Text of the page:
The U.S.-India Civil Nuclear Cooperation Agreement:
Opening Remarks Before the Senate Foreign Relations Committee by the US
Secretary of State at
April 5, 2006
Condoleezza Rice: Thank you very much, Senator Lugar, Mr. Chairman, members of the Committee. Thank you very much for this opportunity to come and discuss with you this indeed path-breaking U.S.-India civil nuclear cooperation agreement and it obviously deserves the support of the U.S. Senate, but we also understand that it deserves the thorough review of the Senate before giving that support. So that is why I'm here and I want to note that we are prepared to continue our discussions and our briefings to the point that you feel that you have the information that you need to make this determination.
Let me note that I have longer -- a fuller testimony that I would like to have entered into the record.
Chairman Lugar: It will be made part of the record, in full.
Condoleezza Rice: Thank you very much. India's society is open and free. It is transparent and stable. It is multiethnic. It is a multi-religious democracy that is characterized by individual freedom and the rule of law. It is a country with which we share common values. India will soon be the world's most populous nation and America's exports to India have doubled in only the past four years. And of course, India is a rising global power that we believe can be a pillar of stability in a rapidly changing Asia. In other words, in short, India is a natural partner for the United States.
But for too long during the past half-century, during the Cold War in particular, because of both domestic policies and foreign policies, India and the United States were estranged. And one element of this estrangement was India's complete disregard -- India's complete isolation from the policies that the United States was concerned about concerning proliferation of weapons of mass destruction. Now, as a result of India's decision to have a nuclear program, to test nuclear weapons, to build a nuclear program, as did Pakistan, India's adversary in that region, we adopted nonproliferation policies to try and constrain and change Indian behavior.
But I think that it is entirely clear now that those past nonproliferation policies did not achieve their goals. In fact, they had no effect on India's development of nuclear weapons. They didn't prevent India and Pakistan from testing nuclear weapons in 1998. They contributed little to lessening regional tensions, which brought India and Pakistan repeatedly to the brink of war. And all of this simply resulted in a more isolated India, especially isolated from the standards and practices of the nuclear nonproliferation establishment that had been developing and maturing over the last decades.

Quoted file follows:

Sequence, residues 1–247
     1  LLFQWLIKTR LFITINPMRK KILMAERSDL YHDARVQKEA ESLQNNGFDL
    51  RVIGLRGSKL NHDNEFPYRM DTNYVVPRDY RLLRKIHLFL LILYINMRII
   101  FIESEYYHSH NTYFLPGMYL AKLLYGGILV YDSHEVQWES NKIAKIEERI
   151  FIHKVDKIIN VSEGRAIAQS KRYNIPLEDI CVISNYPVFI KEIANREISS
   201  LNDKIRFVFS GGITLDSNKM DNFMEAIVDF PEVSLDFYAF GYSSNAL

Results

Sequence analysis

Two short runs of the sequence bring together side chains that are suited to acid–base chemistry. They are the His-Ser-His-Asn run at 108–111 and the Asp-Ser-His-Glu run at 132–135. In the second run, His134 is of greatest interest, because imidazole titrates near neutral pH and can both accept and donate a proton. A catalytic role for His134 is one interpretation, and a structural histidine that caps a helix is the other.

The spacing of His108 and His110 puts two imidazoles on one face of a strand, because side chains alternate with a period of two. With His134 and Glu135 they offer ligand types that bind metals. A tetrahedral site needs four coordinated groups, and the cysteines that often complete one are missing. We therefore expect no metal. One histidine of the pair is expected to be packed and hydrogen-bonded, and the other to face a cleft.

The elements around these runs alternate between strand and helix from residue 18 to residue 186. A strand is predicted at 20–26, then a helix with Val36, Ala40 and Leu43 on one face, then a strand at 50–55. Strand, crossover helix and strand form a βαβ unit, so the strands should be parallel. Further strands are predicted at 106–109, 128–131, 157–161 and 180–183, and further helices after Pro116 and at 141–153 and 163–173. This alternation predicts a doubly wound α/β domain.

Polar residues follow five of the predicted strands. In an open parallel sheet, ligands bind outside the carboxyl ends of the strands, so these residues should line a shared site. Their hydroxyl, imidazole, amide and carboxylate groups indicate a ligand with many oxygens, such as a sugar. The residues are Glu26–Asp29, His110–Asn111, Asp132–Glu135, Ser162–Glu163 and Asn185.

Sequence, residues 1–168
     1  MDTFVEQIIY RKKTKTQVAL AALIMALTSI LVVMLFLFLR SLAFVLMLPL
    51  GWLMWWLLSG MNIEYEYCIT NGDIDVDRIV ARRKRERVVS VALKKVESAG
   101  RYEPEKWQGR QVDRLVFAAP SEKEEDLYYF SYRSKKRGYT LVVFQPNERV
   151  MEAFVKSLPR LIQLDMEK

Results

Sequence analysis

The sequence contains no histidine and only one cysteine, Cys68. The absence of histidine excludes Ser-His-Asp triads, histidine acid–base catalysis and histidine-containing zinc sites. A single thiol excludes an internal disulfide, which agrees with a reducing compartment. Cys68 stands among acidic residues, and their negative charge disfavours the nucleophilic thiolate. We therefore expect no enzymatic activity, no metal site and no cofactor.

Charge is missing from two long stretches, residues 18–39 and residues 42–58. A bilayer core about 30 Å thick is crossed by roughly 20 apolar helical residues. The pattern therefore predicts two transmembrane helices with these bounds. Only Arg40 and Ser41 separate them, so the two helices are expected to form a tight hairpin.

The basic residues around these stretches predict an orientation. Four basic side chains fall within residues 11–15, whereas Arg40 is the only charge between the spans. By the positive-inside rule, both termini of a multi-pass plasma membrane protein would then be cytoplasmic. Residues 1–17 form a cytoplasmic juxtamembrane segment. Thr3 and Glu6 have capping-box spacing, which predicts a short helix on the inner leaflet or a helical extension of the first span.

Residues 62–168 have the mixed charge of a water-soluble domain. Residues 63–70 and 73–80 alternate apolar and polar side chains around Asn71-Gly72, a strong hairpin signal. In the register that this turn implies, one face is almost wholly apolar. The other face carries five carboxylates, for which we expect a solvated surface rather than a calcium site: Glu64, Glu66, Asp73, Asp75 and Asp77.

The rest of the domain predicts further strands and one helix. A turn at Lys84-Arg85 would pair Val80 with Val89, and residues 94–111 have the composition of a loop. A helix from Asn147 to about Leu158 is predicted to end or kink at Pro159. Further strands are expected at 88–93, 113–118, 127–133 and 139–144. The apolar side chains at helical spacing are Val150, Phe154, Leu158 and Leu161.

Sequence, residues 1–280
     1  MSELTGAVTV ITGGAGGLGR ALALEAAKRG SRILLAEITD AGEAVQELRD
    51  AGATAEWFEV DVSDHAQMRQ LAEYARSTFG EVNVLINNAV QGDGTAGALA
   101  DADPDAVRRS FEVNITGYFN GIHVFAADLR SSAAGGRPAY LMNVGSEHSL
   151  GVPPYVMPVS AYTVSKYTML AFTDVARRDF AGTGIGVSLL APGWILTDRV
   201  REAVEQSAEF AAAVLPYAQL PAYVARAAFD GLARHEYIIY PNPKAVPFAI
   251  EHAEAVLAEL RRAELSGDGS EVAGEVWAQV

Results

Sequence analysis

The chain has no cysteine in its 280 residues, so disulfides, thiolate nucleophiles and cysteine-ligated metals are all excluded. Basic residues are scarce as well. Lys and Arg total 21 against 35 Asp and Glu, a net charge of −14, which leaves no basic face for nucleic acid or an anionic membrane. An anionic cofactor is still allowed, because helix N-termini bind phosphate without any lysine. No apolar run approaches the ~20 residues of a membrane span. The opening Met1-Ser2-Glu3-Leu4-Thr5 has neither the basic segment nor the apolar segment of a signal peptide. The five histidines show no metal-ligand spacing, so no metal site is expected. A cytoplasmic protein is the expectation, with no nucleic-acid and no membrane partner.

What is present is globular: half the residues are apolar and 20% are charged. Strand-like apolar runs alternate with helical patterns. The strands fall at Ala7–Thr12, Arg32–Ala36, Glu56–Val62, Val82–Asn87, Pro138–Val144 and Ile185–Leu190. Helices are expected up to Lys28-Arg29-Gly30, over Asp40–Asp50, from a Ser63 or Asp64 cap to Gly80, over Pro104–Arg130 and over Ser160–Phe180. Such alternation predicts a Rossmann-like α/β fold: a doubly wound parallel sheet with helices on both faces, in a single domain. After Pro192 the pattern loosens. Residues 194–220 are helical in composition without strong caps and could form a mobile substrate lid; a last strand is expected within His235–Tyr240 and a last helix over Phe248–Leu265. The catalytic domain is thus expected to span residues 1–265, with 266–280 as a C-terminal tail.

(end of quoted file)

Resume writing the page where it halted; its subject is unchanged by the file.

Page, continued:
Now, let us consider the future that we could have instead. The initiative that we are putting before you and asking for legislation to amend the Atomic Energy Act of 1954 will advance international security, enhance energy security, further environmental protection, and increase business opportunities for both our countries. All of these benefits must be viewed in this larger context, of course, of how the initiative itself elevates the U.S.-India relationship to the new strategic level that we desire.
The initiative, first and foremost, will deepen that strategic partnership. The United States and India are laying the foundation for cooperation on major issues in the region and beyond, building on and building up our broader relationship between our peoples and governments. I was just with President Bush in India and I can tell you that the discussion was broad and multifaceted. It was a discussion not just between governments, but between peoples, discussions about how to improve agriculture in India, much as we helped to spur the Green Revolution in India of the '60s.
We talked about the ability for India to access the new technologies to increase its agricultural production. There were discussions about Indian education and the desire for all of India's people to be able to access the new knowledge-based economy that is growing so rapidly in India. And of course, there were discussions between CEOs of Indian companies and American companies, showing that this is a broad relationship that is not just a government-to-government relationship, but one that is fundamentally affecting our societies.
Now, in order to fully realize the potential of this vision for India, we do have to deal with the longstanding impediments associated with civil nuclear cooperation and we need to resolve them once and for all. We believe that this initiative will unlock the progress of our expanding relationship in other areas.
The initiative will clearly enhance energy security. India's a nation of over a billion people with an economy growing at approximately eight percent each year. It has a massive and rapidly growing appetite for energy. It is now the world's sixth largest consumer of energy. Diversifying India's energy sector will help it to meet its ever increasing needs and more importantly, ease its reliance on hydrocarbons and unstable sources like Iran. This is good for the United States.